Aug. 06, 2008, 10:01 a.m. (ET)

BEIJING(AP) Kyle Shewfelt might have put on the most impressive performance of the day, just by showing up.

Less than a year after breaking the tibias in both of his legs, the reigning Olympic floor exercise champion marched into the National Indoor Stadium with the rest of his Canadian teammates for Wednesday's podium training. He sprinted down the vault runway without even the slightest limp, and tumbled across the floor with confidence and ease.

``Today was 'just another training,''' Shewfelt said. ``I was just here during my routines. But that's a good thing. I don't think the emotion of the journey I've been on will come into play until this is all over because I'm so focused on competing. Then when it's all over, I can look back and smile, and cry and scream and jump up and down.''

Shewfelt, the first Canadian to win a medal in artistic gymnastics, was expected to be a contender on both floor and vault at last year's world championships and here in Beijing. But last Aug. 27, he landed a tumbling move stiff-legged while training for the world championships. Both tibias were broken, and he damaged ligaments in his left knee.

``I thought the whole broken leg thing was an incredible setback for him,'' said Tony Smith, Canada's coach. ``He was at his best at the world championships; he was phenomenal.''

Shewfelt had no idea how serious the injury was at first, thinking he might be able to get away without needing surgery. Not only did he need surgery, it was extensive. To fix his broken bones, doctors inserted a screw in one leg and a plate and screw in another. The stretched ligament had to be stabilized, and a bone chip reattached.

He spent a month in a wheelchair, and it was several weeks before he could do anything gymnastics-related. It was January before he was doing some tumbling, and March before he vaulted. But slowly, surely, Shewfelt worked his way back.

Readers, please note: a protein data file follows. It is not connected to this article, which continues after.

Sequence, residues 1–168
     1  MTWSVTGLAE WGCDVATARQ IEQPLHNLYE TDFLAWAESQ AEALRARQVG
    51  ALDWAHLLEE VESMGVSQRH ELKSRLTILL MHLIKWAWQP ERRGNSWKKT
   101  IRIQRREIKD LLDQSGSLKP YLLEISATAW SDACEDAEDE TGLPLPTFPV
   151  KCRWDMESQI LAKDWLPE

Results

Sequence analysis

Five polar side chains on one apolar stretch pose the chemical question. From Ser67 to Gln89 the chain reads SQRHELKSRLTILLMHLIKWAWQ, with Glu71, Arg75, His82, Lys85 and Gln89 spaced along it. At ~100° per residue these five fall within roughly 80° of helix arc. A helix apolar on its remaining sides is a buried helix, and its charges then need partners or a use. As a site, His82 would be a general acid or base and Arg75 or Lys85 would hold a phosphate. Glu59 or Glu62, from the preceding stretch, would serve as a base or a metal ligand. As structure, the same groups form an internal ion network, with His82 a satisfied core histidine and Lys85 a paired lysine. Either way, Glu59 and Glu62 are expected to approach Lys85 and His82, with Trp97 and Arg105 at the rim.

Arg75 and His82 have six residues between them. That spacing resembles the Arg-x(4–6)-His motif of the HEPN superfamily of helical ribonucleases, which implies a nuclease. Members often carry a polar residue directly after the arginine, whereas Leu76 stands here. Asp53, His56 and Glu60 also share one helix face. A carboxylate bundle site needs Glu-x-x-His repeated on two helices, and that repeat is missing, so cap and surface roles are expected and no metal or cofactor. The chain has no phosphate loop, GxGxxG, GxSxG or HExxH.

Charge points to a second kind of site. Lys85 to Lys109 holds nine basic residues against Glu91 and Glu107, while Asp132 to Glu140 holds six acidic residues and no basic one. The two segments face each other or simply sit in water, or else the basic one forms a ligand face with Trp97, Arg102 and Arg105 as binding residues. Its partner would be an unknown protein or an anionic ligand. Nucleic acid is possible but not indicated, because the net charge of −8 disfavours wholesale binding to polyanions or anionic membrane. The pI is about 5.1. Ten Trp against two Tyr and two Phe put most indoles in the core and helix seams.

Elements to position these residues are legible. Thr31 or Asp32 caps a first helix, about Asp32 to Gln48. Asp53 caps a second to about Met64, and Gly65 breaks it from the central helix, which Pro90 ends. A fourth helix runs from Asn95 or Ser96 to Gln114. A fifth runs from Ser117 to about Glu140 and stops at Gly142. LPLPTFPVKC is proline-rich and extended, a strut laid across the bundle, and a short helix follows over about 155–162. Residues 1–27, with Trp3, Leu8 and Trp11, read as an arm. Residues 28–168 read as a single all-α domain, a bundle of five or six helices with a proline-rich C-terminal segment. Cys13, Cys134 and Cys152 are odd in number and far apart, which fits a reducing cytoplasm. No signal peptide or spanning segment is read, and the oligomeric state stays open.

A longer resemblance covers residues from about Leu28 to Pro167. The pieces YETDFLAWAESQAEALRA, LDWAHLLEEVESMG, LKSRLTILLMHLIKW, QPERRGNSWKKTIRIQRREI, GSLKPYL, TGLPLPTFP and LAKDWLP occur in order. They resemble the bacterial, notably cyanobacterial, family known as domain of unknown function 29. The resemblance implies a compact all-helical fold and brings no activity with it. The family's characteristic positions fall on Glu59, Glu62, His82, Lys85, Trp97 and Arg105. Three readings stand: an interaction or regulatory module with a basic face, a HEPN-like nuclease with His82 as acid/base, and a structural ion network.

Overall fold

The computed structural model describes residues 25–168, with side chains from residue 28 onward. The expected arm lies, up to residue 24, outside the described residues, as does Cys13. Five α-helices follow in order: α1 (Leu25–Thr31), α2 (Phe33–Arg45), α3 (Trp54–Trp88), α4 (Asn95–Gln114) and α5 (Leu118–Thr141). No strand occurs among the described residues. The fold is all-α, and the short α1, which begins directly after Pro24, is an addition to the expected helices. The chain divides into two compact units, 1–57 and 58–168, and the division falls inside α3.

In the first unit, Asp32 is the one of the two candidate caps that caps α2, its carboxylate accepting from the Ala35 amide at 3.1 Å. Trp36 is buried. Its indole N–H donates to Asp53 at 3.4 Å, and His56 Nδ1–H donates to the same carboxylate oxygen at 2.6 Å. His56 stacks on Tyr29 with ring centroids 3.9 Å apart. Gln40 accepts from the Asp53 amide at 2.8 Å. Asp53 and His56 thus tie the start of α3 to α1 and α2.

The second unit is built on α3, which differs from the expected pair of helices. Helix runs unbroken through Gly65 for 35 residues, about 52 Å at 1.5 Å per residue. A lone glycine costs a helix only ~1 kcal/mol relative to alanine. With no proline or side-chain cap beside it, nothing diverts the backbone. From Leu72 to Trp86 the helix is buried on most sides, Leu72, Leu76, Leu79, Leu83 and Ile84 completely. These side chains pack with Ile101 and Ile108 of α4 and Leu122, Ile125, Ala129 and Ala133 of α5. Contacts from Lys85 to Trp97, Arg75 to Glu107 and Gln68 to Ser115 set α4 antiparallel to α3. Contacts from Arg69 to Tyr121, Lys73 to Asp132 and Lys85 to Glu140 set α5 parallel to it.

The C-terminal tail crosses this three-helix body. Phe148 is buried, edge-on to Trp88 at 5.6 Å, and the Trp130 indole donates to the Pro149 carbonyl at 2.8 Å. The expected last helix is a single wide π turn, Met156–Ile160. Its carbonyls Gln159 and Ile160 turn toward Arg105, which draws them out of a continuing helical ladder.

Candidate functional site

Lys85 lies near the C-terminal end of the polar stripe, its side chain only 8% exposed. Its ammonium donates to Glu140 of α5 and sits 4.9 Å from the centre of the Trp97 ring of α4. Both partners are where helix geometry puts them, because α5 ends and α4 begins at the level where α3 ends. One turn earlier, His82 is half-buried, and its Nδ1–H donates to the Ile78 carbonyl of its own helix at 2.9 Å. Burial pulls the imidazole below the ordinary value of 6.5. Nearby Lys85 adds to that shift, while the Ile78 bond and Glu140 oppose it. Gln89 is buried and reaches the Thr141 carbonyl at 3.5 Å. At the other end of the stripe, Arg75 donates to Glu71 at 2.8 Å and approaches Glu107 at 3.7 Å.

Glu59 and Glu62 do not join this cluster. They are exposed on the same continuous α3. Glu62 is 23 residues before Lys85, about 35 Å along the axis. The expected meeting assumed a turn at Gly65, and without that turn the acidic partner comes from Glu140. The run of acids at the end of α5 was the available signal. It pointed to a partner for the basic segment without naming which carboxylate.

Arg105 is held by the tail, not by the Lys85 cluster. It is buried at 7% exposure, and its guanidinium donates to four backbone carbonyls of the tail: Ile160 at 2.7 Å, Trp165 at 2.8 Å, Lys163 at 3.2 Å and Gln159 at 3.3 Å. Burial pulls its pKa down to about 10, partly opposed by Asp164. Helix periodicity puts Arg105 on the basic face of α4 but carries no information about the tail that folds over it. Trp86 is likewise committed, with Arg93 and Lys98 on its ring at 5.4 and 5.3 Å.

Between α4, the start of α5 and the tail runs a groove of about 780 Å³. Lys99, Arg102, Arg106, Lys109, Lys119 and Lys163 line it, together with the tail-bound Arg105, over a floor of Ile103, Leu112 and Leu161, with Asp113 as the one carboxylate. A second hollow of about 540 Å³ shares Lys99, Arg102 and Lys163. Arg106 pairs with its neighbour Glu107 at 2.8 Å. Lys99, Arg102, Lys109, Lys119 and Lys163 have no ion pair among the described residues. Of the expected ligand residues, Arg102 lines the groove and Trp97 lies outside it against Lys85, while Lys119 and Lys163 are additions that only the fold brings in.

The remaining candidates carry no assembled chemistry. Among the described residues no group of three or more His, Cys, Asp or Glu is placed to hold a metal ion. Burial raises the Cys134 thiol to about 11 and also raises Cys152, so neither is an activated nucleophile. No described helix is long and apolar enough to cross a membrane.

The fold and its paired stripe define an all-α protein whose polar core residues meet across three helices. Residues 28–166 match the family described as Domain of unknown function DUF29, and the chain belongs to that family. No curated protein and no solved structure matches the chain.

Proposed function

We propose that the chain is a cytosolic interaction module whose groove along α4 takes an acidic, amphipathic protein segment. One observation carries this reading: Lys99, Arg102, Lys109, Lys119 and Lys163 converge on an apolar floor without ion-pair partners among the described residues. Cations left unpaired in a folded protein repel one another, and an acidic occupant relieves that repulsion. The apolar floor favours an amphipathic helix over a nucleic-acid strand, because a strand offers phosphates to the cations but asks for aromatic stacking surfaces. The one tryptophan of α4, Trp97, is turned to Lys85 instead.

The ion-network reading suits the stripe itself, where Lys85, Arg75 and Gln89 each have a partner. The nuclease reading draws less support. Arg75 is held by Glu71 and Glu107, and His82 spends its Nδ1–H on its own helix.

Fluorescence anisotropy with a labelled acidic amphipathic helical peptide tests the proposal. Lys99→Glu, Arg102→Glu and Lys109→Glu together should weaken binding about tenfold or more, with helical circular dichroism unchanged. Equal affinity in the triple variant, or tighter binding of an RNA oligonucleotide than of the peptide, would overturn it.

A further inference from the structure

``It was harder mentally than physically (to come back),'' Smith said. ``He even had some questions at Canadians (in June) about it, but he is so methodical in his training.''

Though the recovery from an injury is a personal thing, Shewfelt made his very public. The personal gymnast blogged about his comeback on his Web site, www.kyleshewfelt.com, sharing his hopes and his fears, his disappointments and his triumphs.

``It's where he vents,'' Smith said. ``He gets it out and says, 'Yeah, that's it.' He gets a load off his shoulder.''

There is no venting this week. Nor is there any pressure. Shewfelt is the reigning Olympic champion, but these Games - his third - are about far more than any prize that can be put around his neck. When he walks out on the floor Saturday, that will be his gold medal.

``For me, the journey getting here was my victory. If I'm able to win another medal, it will be gravy, the icing on everything,'' he said. ``I am very proud to be here, to represent my country and to show the world I came back from a serious injury. My strength of character is so strong right now and I have a lot of belief in myself.

``I'm celebrating the moment.''

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